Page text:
66. Corti A., Curnis F., Rossoni G., Marcucci F., Gregorc V. Peptide-mediated targeting of cytokines to tumor vasculature: The NGR-hTNF example. BioDrugs. 2013;27:591–603. doi: 10.1007/s40259-013-0048-z. [PMC free article] [PubMed] [Cross Ref]
67. Di Paolo D., Pastorino F., Zuccari G., Caffa I., Loi M., Marimpietri D., Brignole C., Perri P., Cilli M., Nico B., et al. Enhanced anti-tumor and anti-angiogenic efficacy of a novel liposomal fenretinide on human neuroblastoma. J. Control. Release. 2013;170:445–451. doi: 10.1016/j.jconrel.2013.06.015. [PubMed] [Cross Ref]
68. D’Onofrio N., Caraglia M., Grimaldi A., Marfella R., Servillo L., Paolisso G., Balestrieri M.L. Vascular-homing peptides for targeted drug delivery and molecular imaging: Meeting the clinical challenges. Biochim. Biophys. Acta. 2014;1846:1–12. doi: 10.1016/j.bbcan.2014.03.004. [PubMed] [Cross Ref]
69. Parmiani G., Pilla L., Corti A., Doglioni C., Cimminiello C., Bellone M., Parolini D., Russo V., Capocefalo F., Maccalli C. A pilot Phase I study combining peptide-based vaccination and NGR-hTNF vessel targeting therapy in metastatic melanoma. OncoImmunology. 2014;3:e963406. doi: 10.4161/21624011.2014.963406. [PMC free article] [PubMed] [Cross Ref]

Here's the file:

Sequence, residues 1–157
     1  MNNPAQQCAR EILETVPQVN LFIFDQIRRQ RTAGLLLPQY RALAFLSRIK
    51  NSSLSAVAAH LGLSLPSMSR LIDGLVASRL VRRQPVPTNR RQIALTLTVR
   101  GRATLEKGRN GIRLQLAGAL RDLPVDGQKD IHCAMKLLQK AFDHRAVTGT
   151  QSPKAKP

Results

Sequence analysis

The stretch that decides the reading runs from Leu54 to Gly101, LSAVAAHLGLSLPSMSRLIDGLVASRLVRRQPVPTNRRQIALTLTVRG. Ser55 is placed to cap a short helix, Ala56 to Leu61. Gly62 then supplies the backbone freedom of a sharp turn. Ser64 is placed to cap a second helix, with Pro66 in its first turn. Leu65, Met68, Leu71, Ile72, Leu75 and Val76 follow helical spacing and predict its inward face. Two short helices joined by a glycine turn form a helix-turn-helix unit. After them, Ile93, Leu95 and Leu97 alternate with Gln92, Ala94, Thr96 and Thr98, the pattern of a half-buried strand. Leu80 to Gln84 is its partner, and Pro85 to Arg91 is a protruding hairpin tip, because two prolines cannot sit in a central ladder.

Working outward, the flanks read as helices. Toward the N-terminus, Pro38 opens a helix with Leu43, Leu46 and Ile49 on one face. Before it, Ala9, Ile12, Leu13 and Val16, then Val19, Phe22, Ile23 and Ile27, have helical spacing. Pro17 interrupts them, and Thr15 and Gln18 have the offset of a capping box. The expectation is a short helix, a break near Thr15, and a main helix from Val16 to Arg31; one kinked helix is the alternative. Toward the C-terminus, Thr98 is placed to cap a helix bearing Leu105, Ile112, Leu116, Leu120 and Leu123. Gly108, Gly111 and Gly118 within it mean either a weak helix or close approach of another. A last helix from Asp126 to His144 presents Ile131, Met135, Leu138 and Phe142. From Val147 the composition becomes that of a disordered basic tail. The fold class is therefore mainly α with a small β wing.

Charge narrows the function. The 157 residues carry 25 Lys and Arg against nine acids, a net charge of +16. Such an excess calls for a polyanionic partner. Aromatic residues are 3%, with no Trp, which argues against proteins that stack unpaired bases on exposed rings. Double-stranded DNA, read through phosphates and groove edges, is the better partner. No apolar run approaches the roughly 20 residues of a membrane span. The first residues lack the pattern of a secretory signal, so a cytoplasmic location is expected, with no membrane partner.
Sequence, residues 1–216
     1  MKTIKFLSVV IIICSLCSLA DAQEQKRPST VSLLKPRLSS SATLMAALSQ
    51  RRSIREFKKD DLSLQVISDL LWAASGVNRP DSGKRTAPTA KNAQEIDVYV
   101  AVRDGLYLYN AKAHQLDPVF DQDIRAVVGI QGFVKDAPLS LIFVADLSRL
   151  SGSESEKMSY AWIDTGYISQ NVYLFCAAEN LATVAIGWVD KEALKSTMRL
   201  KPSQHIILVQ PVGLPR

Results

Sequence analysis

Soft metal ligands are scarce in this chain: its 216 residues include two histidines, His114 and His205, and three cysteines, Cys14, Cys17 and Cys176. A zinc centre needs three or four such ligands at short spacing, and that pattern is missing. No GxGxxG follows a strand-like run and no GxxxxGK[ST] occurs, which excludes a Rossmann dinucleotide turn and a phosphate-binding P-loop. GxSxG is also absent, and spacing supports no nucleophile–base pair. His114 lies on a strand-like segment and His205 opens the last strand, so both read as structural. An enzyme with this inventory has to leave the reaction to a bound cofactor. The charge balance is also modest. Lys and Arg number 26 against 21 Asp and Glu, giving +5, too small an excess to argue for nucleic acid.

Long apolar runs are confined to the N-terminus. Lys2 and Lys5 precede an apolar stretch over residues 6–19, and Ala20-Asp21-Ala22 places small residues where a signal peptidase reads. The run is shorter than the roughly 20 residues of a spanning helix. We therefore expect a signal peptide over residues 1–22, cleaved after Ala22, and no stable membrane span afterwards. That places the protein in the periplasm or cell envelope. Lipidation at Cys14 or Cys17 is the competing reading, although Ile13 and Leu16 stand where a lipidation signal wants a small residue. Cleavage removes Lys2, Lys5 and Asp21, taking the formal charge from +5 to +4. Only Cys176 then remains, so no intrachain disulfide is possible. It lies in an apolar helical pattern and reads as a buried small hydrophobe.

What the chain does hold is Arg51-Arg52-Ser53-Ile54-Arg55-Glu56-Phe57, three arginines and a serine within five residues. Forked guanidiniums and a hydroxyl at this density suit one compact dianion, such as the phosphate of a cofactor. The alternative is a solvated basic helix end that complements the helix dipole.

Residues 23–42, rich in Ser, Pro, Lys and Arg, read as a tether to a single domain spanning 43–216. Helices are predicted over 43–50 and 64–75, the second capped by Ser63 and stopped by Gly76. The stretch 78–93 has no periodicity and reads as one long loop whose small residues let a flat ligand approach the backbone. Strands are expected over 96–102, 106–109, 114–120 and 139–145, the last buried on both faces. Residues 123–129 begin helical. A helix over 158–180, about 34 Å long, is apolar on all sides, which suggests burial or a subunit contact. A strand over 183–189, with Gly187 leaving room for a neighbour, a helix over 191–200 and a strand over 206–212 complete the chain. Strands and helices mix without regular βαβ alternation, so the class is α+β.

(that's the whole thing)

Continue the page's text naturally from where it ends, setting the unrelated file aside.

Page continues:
70. Liu C., Yang Y., Chen L., Lin Y.-L., Li F. A unified mechanism for aminopeptidase N-based tumor cell motility and tumor-homing therapy. J. Biol. Chem. 2014;289:34520–34529. doi: 10.1074/jbc.M114.566802. [PMC free article] [PubMed] [Cross Ref]
71. Enyedi K.N., Czajlik A., Knapp K., Láng A., Majer Z., Lajkó E., Kőhidai L., Perczel A., Mező G. Development of cyclic NGR peptides with thioether linkage: Structure and dynamics determining deamidation and bioactivity. J. Med. Chem. 2015;58:1806–1817. doi: 10.1021/jm501630j. [PubMed] [Cross Ref]
72. Zuccari G., Milelli A., Pastorino F., Loi M., Petretto A., Parise A., Marchetti C., Minarini A., Cilli M., Emionite L., et al. Tumor vascular targeted liposomal-bortezomib minimizes side effects and increases therapeutic activity in human neuroblastoma. J. Control. Release. 2015;211:44–52. doi: 10.1016/j.jconrel.2015.05.286. [PubMed] [Cross Ref]
73. Petrozziello E., Sturmheit T., Mondino A. Exploiting cytokines in adoptive T-cell therapy of cancer. Immunotherapy. 2015;7:573–584. doi: 10.2217/imt.15.19. [PubMed] [Cross Ref]
74. Huang Y., Cheng Q., Jin X., Ji J.-L., Guo S., Zheng S., Wang X., Cao H., Gao S., Liang X.-J., Du Q., Liang Z. Systemic and tumor-targeted delivery of siRNA by cyclic NGR and isoDGR motif-containing peptides. Biomater. Sci. 2016;4:494–510. doi: 10.1039/C5BM00429B. [PubMed] [Cross Ref]
75. Curnis F., Fiocchi M., Sacchi A., Gori A., Gasparri A., Corti A. NGR-tagged nano-gold: A new CD13-selective carrier for cytokine delivery to tumors. Nano Res. 2016;9:1393–1408. doi: 10.1007/s12274-016-1035-8. [PMC free article] [PubMed] [Cross Ref]